Wednesday, September 11, 2013

The wonk gap

I don't read Paul Krugman nearly as often as I used to, not since The New York Times went behind a paywall. That's a real shame, as his recent column clearly demonstrates:
On Saturday, Senator John Barrasso of Wyoming delivered the weekly Republican address. He ignored Syria, presumably because his party is deeply conflicted on the issue. (For the record, so am I.) Instead, he demanded repeal of the Affordable Care Act. “The health care law,” he declared, “has proven to be unpopular, unworkable and unaffordable,” and he predicted “sticker shock” in the months ahead.

So, another week, another denunciation of Obamacare. Who cares? But Mr. Barrasso’s remarks were actually interesting, although not in the way he intended. You see, all the recent news on health costs has been good. So Mr. Barrasso is predicting sticker shock precisely when serious fears of such a shock are fading fast. Why would he do that?

Well, one likely answer is that he hasn’t heard any of the good news. Think about it: Who would tell him?

My guess, in other words, was that Mr. Barrasso was inadvertently illustrating the widening “wonk gap” — the G.O.P.’s near-complete lack of expertise on anything substantive. Health care is the most prominent example, but the dumbing down extends across the spectrum, from budget issues to national security to poll analysis. Remember, Mitt Romney and much of his party went into Election Day expecting victory.

About health reform: Mr. Barrasso was wrong about everything, even the “unpopular” bit, as I’ll explain in a minute. Mainly, however, he was completely missing the story on affordability.

For the truth is that the good news on costs just keeps coming in. There has been a striking slowdown in overall health costs since the Affordable Care Act was enacted, with many experts giving the law at least partial credit. And we now have a good idea what insurance premiums will be once the law goes fully into effect; a comprehensive survey by the Kaiser Family Foundation finds that on average premiums will be significantly lower than those predicted by the Congressional Budget Office when the law was passed.

But do Republican politicians know any of this? Not if they’re listening to conservative “experts,” who have been offering a steady stream of misinformation.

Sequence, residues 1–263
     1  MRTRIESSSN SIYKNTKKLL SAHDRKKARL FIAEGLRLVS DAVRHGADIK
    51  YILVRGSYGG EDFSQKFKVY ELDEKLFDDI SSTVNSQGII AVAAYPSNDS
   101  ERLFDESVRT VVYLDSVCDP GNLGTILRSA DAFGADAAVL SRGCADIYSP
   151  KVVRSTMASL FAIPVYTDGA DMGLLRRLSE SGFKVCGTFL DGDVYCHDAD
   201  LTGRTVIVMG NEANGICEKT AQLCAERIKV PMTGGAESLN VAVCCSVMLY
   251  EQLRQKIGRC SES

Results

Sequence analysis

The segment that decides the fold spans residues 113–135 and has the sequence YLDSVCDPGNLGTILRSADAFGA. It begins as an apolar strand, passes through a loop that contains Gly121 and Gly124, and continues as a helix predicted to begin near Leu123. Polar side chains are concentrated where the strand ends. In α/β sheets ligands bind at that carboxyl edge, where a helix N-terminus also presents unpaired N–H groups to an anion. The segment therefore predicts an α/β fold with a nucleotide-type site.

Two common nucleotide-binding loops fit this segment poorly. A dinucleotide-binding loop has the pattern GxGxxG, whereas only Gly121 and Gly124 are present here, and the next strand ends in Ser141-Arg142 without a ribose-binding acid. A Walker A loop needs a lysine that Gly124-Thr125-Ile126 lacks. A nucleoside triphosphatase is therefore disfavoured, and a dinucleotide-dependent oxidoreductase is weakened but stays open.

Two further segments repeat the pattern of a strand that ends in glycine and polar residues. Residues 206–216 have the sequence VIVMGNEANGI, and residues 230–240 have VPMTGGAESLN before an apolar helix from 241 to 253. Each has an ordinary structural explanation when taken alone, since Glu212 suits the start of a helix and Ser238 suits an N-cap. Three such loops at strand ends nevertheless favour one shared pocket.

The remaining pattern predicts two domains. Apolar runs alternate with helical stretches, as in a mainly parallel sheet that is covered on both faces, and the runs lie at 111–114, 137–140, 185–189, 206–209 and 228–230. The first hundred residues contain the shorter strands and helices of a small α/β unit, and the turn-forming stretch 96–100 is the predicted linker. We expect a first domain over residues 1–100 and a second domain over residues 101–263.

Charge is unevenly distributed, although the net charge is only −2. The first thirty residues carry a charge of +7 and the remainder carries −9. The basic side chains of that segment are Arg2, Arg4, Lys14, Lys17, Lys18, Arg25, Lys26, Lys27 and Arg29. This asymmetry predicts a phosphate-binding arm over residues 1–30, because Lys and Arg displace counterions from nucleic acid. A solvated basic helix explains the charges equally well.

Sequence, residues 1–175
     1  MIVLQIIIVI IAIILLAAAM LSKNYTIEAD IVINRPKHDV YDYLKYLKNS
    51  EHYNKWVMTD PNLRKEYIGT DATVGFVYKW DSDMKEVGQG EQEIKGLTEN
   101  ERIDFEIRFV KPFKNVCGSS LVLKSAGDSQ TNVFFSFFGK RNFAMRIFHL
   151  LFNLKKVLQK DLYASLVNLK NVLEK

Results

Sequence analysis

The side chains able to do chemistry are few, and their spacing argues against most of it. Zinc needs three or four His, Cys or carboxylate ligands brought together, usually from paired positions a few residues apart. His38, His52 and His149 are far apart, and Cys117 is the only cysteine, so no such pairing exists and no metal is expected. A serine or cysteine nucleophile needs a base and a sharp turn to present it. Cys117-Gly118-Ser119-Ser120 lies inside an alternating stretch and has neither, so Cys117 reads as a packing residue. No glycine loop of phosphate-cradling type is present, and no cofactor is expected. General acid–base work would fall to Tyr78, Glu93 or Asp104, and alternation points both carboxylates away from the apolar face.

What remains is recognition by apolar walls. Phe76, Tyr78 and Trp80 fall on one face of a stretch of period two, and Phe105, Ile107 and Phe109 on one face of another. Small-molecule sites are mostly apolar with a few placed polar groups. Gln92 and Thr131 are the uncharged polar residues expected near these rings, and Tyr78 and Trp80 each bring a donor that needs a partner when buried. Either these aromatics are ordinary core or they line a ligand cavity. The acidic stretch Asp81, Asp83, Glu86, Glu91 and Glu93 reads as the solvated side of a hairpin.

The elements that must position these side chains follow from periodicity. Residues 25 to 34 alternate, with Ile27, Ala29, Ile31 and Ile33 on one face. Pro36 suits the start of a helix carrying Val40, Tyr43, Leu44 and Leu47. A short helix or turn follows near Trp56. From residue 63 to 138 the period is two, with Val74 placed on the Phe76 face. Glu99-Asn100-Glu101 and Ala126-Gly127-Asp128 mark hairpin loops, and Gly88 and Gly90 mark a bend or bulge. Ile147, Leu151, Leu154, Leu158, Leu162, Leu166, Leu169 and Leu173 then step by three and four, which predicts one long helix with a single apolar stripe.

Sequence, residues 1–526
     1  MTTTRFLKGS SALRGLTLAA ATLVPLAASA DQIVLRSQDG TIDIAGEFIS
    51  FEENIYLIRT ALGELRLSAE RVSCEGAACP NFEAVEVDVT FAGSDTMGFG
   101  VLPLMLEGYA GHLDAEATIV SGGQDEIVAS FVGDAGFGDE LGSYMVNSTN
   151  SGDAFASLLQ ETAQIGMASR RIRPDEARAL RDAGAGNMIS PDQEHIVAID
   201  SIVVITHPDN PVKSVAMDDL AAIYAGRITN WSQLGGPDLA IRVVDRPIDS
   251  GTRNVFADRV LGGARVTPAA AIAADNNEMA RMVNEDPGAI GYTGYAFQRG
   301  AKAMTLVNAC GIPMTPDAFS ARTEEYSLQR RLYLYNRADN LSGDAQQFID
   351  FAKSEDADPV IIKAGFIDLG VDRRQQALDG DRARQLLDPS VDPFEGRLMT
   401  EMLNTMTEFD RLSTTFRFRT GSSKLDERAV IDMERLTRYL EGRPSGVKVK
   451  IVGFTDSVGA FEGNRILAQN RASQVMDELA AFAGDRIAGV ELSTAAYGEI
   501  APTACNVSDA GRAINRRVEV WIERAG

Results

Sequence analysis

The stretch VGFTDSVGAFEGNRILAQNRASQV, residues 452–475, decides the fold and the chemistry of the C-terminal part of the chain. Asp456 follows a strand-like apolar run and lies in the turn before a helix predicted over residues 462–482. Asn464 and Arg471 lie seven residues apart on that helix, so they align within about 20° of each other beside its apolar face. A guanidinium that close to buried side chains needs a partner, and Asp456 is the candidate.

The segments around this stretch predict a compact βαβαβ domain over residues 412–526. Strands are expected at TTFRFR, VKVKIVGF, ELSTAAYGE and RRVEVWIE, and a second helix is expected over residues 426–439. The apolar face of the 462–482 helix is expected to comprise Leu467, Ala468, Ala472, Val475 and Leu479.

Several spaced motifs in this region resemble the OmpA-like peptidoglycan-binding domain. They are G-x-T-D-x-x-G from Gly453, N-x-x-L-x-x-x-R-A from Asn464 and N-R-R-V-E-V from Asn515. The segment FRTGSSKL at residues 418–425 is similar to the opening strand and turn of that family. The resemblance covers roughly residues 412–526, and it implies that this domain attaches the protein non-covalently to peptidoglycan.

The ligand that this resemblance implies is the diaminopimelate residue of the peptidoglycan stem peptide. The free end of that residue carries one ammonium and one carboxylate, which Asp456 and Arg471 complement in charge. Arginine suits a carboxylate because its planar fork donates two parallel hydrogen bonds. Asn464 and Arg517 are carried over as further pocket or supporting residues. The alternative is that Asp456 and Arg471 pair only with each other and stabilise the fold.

The "wonk gap" isn't original with Krugman. Indeed, he links to this column from last year in Washington Monthly: state it more simply, the right has us licked on the propaganda front. As I was saying before, when it comes to catchy slogans premised on their ideological assumptions (“job creators,” etc), lockstep message discipline, and mind-numbing repetition, liberals just can’t compete. ...

However, the left has an equally lopsided advantage when it comes to a different type of pundit: wonks. The left’s wonk bench is both wide and deep. These folks are ideologically inclined, certainly, but are also dedicated to study, empirical analysis, and informed debate. They argue mostly through evidence-based reasoning, sometimes shot through with a bit of sarcasm or anger, but they’re uncomfortable with abject partisanship.

They do have a strength, though, which was on vivid display yesterday when Mitt Romney finally released a few niggling details about some of his policies. Team Wonk sank their teeth into that like a bunch of half-starved wolverines. (Finally, something we can analyze!) Jon Cohn dug into Romney’s health-care plan (yikes), while Matt Yglesias found some disturbing implications in the education plan. Today, Suzy Khimm took a more even look at Romney’s education plan, and they’ll probably be gnawing over the scraps all weekend.

The right simply doesn’t have that kind of policy muscle, though it remains to be seen whether their increasing disregard for evidence and policy will hurt them electorally.

The thing is, Republicans are faith-based, not evidence-based. What's important to them isn't that their beliefs are true, but just that they're their beliefs. Their strength lies in propaganda, partly because the facts don't back them up, but mostly because they don't care if the facts back them up.